Lowcountry in FulhamCultureFood & DrinksRestaurant & bar reviews
Lowcountry is a distinctive style of food originating in Louisiana and the Deep South, USA. Here in the midst of Fulham we find the chefs Michael Kirk and Jennifer Ryan, both hailing from the US and both aiming to cook up American lowcountry cuisine and “send guests on a culinary tour of the American South”.
On the quiet night we visited, there were big screens playing Sky News, which reminded us not so much of being in the Deep South, but in a sports bar. The venue seems ambitiously huge, with an alfresco seating area that could be a big hit with drinkers during the summer months.
The menu proudly declares that the philosophy is to keep it “simple and of course, seasonal and sustainable”. The food is certainly simple, yes, but that may be where this restaurant loses out. The promises of robust food full of the tastes of the south, sadly never seemed to be kept. The menu lists copious amounts of seafood, clams and shrimp, coupled with those traditional grits: cornbread, gumbo, pinot noir burger and a fall-off-the-bone lowcountry rack.
Disappointingly, the 1/2lb BBQ Bourbon Shrimp at £13.95 was more like king prawns served in a watered down tomato-based sauce (we couldn’t really taste the bourbon here) accompanied with biscuits, that were slightly dry and overdone on the underside. The Seafood Gumbo lacked in flavour; we have suspicions that the same tomato sauce may have been used. You could count the amount of seafood in the dish with one hand, including one lonely scallop and a promise of andouille sausage, which we were assured had the same sauce, but no, you couldn’t taste it. The Voodoo Chicken Wings using uncle Vinnie’s recipe suggested something special, but were just okay, but flavourful and they temporarily uplifted us with a spicy kick.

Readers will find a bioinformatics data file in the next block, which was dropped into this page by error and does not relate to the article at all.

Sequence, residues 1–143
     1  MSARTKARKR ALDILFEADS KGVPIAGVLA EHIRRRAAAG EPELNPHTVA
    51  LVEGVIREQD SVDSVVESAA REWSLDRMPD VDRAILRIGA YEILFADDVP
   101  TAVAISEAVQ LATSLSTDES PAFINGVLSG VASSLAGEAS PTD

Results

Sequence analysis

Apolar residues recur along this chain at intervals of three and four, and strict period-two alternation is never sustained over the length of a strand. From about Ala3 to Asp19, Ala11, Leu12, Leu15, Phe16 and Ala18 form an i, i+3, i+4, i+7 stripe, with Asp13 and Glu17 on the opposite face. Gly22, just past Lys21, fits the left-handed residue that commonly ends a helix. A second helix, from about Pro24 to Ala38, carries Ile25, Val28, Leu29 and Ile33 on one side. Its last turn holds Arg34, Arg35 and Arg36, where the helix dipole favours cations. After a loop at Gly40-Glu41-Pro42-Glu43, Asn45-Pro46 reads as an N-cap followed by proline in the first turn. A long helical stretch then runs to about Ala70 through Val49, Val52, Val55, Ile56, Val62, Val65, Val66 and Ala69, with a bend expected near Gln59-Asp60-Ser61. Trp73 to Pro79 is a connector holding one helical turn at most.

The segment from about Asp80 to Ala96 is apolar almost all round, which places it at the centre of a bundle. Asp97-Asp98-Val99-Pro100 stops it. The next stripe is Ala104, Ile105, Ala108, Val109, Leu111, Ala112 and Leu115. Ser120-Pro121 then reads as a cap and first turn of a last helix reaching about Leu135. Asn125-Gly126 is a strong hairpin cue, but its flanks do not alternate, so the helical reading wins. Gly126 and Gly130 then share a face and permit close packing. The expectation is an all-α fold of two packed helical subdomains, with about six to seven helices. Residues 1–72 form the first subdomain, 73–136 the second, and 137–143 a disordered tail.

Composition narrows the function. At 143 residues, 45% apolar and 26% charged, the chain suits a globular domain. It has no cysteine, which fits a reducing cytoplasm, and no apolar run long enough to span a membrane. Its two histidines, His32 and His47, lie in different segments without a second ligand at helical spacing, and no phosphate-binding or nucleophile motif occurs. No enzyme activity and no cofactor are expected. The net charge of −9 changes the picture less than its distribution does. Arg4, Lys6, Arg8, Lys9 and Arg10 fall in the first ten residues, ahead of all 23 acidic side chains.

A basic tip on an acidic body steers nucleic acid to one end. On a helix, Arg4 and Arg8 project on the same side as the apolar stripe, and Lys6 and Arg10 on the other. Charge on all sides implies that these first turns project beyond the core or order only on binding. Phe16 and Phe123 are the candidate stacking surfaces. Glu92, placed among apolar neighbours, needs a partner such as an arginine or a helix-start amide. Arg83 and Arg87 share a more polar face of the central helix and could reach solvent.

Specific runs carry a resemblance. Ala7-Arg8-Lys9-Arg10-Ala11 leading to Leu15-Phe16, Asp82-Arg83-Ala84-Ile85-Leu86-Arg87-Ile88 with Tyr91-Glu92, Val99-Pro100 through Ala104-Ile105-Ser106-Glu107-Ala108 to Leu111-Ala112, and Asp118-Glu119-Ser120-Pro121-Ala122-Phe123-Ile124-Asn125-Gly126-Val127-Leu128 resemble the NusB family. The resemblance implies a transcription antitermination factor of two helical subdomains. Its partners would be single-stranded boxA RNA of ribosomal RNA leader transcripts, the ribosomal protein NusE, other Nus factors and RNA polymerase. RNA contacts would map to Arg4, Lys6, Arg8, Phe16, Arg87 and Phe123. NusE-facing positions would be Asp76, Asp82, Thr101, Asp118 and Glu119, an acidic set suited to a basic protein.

The not-so-fall-off-the-bone Lowcountry Rack of Turkey with a Sweet, Smoky Glaze priced at £17.95 was, unfortunately, cold when it arrived at our table and was served with mediocre chips, slaw and salad. Finally, with all faith in the amazing desserts promised to us, both the carrot cake and the pecan pie were a letdown, unnecessarily garnished with strawberries and berries.
The service was polite throughout, although, when asked, the waitresses were unable to describe the dishes very well. Lowcountry is, sadly, not low-priced for the quality of cooking on offer and unless the menu is substantially revamped, look elsewhere for a taste of the Deep South.